I just got back from Washington, D.C., where I attended the 27th annual National Girls and Women in Sports Day (NGWSD) on Capitol Hill with the Women’s Sports Foundation (WSF), Girls Inc., National Association for Girls and Women in Sport and the National Women’s Law Center (NWLC), alongside athletes Nancy Hogshead-Makar, Esther Lofgren, Lillian Greene-Chamberlain and sisters Sarah and Emily Hughes.
NGWSD is marked annually with events around the country and on Capitol Hill to commemorate the achievements of girls and women in athletics. This was my fourth trip to D.C. with Women’s Sports Foundation and I have more fun every year. It’s also a great excuse to put on a power skirt and fight for what I believe in.
The day started at 7 a.m. when we left the hotel for a breakfast meeting at the NWLC. We split into groups, each given talking points and a schedule for the day. Immediately, I was excited because our first visit would be with Senator Orrin Hatch from my home state of Utah. When you are lobbying, it is always a nice ice-breaker to be a resident of the same state as the official whom you are meeting. London Olympic champion rower Esther Lofgren was in my group, so I knew it was going to be a great day.
This year, the WSF and Coalition partners were meeting with congressional leaders to discuss the High School Data Transparency Act of 2013. If passed, the bill would require high schools to make publicly available basic data on the numbers of female and male students and athletes, as well as expenditures made for each sports team on travel, equipment, facilities and publicity, among other things.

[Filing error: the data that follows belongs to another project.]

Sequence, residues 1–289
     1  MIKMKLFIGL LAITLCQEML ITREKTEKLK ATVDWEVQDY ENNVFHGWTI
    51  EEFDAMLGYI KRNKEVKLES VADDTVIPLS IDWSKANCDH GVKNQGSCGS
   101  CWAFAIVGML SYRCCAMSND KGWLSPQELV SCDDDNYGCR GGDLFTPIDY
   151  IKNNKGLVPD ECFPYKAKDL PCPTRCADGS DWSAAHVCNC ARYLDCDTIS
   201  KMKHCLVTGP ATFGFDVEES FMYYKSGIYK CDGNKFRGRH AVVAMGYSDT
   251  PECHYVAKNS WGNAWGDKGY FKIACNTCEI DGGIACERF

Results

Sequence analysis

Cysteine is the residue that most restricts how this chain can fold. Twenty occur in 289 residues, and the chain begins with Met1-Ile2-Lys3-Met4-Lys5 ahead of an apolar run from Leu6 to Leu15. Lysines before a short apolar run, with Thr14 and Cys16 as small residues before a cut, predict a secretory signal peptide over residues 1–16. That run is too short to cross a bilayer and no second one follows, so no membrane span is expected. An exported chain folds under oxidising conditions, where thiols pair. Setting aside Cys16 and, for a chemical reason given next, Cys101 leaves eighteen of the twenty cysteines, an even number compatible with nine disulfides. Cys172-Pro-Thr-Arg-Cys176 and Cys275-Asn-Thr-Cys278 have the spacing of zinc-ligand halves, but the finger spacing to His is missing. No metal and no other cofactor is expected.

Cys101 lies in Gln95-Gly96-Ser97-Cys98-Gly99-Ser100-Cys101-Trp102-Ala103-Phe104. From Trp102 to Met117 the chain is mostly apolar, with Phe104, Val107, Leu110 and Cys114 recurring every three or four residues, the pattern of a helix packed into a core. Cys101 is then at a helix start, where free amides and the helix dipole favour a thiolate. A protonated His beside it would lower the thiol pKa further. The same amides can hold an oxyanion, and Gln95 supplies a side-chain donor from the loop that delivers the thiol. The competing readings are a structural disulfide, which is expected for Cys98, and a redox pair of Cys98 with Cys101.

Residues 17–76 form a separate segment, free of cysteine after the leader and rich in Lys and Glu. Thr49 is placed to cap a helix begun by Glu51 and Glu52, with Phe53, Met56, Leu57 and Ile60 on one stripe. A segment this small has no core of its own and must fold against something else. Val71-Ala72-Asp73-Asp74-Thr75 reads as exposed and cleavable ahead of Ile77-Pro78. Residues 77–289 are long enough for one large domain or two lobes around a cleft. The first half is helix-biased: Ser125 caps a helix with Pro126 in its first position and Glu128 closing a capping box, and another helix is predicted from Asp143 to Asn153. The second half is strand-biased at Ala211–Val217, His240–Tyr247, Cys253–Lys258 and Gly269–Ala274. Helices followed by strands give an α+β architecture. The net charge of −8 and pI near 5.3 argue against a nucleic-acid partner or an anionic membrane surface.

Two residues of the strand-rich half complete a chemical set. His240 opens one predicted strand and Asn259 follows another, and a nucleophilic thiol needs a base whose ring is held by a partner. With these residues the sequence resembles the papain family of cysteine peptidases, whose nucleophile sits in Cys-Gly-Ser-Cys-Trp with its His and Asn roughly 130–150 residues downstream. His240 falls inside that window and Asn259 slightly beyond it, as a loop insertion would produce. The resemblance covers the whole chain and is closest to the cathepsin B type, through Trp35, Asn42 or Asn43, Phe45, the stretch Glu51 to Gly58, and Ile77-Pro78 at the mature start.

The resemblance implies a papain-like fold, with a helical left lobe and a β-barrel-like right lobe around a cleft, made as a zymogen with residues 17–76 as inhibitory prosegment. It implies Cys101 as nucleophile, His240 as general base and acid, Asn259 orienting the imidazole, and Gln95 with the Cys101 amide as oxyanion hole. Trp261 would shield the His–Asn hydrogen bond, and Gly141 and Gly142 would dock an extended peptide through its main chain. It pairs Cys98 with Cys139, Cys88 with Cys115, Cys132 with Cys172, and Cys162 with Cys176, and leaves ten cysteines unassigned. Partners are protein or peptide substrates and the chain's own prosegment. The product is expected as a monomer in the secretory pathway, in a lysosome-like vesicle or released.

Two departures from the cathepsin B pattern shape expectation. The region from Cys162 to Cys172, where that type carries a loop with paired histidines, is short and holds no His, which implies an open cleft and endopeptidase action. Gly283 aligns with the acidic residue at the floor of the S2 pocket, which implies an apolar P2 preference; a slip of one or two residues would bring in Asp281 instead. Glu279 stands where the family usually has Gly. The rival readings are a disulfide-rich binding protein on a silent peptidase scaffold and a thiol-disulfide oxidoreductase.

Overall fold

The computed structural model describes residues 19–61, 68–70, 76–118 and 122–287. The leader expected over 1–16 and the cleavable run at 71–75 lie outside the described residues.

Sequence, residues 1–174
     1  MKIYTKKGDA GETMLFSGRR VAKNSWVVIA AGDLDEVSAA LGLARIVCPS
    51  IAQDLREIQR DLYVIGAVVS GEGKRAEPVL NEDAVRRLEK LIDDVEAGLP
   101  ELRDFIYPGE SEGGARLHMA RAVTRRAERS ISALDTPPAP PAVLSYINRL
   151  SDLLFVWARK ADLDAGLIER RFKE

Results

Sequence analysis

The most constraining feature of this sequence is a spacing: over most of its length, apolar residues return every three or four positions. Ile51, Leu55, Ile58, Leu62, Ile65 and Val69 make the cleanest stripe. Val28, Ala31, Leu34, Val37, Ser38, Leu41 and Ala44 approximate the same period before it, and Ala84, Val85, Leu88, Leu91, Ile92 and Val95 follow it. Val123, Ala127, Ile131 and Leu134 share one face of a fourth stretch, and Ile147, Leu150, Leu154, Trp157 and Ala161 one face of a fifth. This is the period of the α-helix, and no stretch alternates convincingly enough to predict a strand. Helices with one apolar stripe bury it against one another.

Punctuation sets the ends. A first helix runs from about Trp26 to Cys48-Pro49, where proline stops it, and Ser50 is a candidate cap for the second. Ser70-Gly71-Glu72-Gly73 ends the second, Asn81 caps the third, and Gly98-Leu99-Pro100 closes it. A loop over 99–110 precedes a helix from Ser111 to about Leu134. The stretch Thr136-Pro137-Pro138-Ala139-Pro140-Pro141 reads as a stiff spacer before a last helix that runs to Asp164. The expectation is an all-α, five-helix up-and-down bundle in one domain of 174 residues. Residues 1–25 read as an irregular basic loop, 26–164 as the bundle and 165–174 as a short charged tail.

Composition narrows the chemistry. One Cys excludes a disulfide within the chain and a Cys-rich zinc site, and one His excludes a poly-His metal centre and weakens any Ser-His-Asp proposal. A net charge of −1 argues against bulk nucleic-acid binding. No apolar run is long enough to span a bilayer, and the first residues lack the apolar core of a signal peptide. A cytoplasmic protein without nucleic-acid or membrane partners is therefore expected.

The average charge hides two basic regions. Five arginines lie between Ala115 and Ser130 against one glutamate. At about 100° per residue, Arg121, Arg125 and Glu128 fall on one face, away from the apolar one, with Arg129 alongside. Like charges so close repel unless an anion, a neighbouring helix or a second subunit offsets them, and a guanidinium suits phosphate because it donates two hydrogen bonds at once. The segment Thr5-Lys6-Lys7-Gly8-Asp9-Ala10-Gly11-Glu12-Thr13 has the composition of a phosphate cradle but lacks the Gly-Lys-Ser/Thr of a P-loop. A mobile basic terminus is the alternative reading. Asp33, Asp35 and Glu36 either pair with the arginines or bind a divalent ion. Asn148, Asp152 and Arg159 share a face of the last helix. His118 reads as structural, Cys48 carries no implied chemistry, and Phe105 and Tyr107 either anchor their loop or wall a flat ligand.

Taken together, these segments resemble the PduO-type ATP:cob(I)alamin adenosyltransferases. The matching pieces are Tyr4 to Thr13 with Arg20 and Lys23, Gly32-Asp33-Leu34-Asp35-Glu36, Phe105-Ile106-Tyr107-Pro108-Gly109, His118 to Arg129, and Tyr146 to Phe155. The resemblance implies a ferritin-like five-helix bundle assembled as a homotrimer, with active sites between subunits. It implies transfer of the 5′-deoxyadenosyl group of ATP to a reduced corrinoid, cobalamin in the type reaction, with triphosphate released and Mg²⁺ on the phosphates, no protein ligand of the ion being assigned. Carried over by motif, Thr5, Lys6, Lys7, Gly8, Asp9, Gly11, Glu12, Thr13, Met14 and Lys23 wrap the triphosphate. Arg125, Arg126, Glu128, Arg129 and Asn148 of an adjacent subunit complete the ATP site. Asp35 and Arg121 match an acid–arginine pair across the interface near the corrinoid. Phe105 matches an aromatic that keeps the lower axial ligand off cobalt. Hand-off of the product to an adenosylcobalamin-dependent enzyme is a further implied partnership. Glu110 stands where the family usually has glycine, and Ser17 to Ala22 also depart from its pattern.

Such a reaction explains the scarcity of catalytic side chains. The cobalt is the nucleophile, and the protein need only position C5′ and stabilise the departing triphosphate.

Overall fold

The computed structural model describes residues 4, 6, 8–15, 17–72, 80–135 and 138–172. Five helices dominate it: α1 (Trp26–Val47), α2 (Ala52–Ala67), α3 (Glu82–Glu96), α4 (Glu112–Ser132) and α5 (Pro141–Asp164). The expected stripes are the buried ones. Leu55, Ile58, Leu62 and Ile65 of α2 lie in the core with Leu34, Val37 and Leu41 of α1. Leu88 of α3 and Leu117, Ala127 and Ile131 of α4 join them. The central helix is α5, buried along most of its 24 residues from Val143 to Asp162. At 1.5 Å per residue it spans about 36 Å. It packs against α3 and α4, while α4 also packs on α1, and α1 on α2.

This bill is important for students and parents who have an interest in athletic opportunities. For example, if a parent or student were to talk to an athletic director and ask if their school is in compliance with equal spending for boys’ and girls’ sports, the AD might say, “Yes, we are in Title IX compliance.” However, if this bill were to be passed, the data would become public and free for any citizen to use to help support themselves or their children in getting involved with sport. This legislation is so important because, while some parents can afford for their daughters and sons to play on club teams, the majority of children in the U.S. will have their only sports experience while attending high school. Making the data publicly available is also estimated to take only two to eight hours of extra work a year depending on the size of the school.
Traveling through the halls of the Dirksen, Hart and Russell Senate Office Buildings was exhilarating and my group gained a lot of support throughout the day at our meetings. We visited the offices of Senator Hatch, Senator Tammy Baldwin (D-Wisconsin) and Senator Heidi Heitkamp (D-North Dakota) and left feeling satisfied we would see support for the bill. It is easy for everyone to agree with us because supporting girls to play sports and celebrating their accomplishments is the right thing to do and it benefits everyone.
FACT: Girls' participation in sports has increased by 545% in colleges and 979% in high schools since Title IX passed in '72. #NGWSD— espnW (@espnW) February 6, 2013
We ended the day at a briefing in the Capitol, where athletes Dominique Dawes, Sarah Hughes, Hogshead-Makar and other experts on girls, women and sports spoke on a panel about the importance of the High School Transparency Act. In addition, a young athlete from Girls Inc. named Sydney gave a powerful speech on how sports have changed her life and empowered her to become better in school and life. That is when you know the power of sports and every girl should have the chance to participate.
I am so thankful to have experienced such an exciting day on the Hill with all the other girls and thrilled to see the difference it makes.
Happy National Girls and Women in Sports Day!